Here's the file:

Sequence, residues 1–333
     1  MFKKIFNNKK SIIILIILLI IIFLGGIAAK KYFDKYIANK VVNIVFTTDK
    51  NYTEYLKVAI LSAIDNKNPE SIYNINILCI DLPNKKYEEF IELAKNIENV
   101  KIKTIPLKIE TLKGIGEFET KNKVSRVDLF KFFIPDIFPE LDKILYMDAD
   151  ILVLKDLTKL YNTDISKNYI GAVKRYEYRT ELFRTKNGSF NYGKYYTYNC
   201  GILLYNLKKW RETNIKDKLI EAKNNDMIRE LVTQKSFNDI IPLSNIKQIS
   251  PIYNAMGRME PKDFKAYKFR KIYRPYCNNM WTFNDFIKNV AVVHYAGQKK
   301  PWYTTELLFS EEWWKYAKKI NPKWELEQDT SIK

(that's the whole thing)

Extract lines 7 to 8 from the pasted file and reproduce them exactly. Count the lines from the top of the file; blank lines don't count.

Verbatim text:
   251  PIYNAMGRME PKDFKAYKFR KIYRPYCNNM WTFNDFIKNV AVVHYAGQKK
   301  PWYTTELLFS EEWWKYAKKI NPKWELEQDT SIK